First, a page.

Back to School: Sept. 8 Toronto & East York Community Council

Well, we’ve had a lovely summer full of lakeside rambles and spider photography, but it’s time to head back to City Hall as regular committee meetings start up again. Here’s a quick1 skim over Tuesday’s TEYCC agenda:

By the Numbers

Street Names

Some of the people that streets and lanes are getting named after:

This Voice of Women activity was one of the most consistent projects for aid to the Vietnamese people. For ten years—1966-1975—it involved hundreds of concerned men and women, not only in Eastern Canada but in the United States, where it was against the law “to aid and abet the enemy.”
The Project was a full-time after-hours voluntary job. My husband and three daughters were completely supportive and pitched in with the work. Every single item of the final total of 30,000 knitted garments and cot blankets (in dark colours) for the children of Vietnam and Laos eventually came through the dining room headquarters in my home. Every participant was thanked either personally or by letter. Many joined Voice of Women and were active. Every item was received, repacked and expressed to the Canadian Aid for Vietnam Civilians in Vancouver. B.C.. from where shipments were made with other medical aid, etc., to Vietnam by ships. Voice of Women involvement enriched my life to this very day. [—Lillian Greene, on the Vietnam Knitting Project]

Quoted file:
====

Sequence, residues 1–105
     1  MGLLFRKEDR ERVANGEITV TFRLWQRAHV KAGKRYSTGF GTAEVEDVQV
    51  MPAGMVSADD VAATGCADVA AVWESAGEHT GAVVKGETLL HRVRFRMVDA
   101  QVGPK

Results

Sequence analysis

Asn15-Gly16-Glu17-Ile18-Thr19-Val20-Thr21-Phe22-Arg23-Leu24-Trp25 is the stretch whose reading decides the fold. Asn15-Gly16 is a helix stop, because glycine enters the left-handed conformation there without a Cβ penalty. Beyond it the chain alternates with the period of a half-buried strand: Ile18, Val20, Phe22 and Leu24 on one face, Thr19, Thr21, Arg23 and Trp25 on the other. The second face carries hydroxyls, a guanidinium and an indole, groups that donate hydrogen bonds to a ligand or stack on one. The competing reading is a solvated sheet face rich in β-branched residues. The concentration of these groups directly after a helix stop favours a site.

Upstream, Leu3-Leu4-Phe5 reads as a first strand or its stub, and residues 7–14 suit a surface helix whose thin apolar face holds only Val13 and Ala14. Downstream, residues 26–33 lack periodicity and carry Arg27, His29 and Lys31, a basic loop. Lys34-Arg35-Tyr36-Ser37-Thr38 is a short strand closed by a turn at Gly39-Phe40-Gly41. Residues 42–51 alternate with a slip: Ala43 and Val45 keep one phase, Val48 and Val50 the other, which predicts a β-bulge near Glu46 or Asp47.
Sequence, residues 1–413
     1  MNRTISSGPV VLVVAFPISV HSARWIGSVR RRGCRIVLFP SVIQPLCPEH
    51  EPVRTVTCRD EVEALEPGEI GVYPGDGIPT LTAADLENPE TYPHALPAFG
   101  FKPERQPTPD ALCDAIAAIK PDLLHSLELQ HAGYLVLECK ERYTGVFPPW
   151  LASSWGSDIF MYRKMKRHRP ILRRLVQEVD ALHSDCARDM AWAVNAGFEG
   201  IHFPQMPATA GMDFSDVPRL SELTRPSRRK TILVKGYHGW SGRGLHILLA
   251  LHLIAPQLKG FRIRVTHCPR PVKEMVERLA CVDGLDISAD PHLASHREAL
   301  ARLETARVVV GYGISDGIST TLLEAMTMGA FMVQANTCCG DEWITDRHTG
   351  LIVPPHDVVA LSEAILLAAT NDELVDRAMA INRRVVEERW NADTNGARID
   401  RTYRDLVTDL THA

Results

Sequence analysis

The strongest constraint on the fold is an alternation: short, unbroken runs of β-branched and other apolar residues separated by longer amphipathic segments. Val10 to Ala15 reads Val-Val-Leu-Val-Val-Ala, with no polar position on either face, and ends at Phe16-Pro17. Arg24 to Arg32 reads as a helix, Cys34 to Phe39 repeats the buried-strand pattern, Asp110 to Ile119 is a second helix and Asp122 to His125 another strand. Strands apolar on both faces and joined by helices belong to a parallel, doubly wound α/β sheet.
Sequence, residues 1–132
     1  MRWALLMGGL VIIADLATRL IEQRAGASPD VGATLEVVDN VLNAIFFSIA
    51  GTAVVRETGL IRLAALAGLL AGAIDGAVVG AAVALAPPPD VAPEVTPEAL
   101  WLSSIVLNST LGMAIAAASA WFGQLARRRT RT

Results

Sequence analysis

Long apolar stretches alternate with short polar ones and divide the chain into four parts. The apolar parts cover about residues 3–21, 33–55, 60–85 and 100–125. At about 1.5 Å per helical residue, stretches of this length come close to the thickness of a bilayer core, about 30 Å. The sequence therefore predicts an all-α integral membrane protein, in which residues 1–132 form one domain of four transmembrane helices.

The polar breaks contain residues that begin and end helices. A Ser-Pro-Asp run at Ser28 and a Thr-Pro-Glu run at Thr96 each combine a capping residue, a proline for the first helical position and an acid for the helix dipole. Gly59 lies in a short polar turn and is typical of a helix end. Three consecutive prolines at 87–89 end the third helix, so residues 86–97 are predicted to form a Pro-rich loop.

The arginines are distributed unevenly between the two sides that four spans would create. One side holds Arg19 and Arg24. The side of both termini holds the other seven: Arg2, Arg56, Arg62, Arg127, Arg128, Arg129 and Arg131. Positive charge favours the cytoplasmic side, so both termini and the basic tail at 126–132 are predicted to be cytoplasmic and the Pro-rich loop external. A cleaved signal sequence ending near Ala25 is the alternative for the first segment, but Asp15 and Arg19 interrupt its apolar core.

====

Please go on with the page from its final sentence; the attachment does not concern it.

Some of us doubted at first the validity of expending so much time and effort on what was essentially an “aid” project, when political action and lobbying seemed more direct. But time and time again women would give variations of “I took my knitting to school/church/meeting/laundromat, etc., and when I was asked why I was knitting baby clothes in dark green or brown or blue. I would say that in Vietnam babies have to live mainly underground—sometimes they are floating in baskets and bowls in flooded trenches—and if, at any time, light coloured clothing could be seen they would be bombed by American planes. Women were horrified, shocked and wanted to know more and how they too could help.” Thus many new VOWs began their work for peace.

  • Andrew Hazlett, a councillor and reeve of Forest Hill during the 20s and 30s, “the man who put the ‘Forest’ back in Forest Hill”.

  • Alan Hutchison, a decorated RCAF vet, WWII POW, and also an obstetrician who, as the application adorably notes, delivered many residents of his neighbourhood, the Beaches.

Monthly Honours


  1. lol no, it was a total slog, I’m really rusty 

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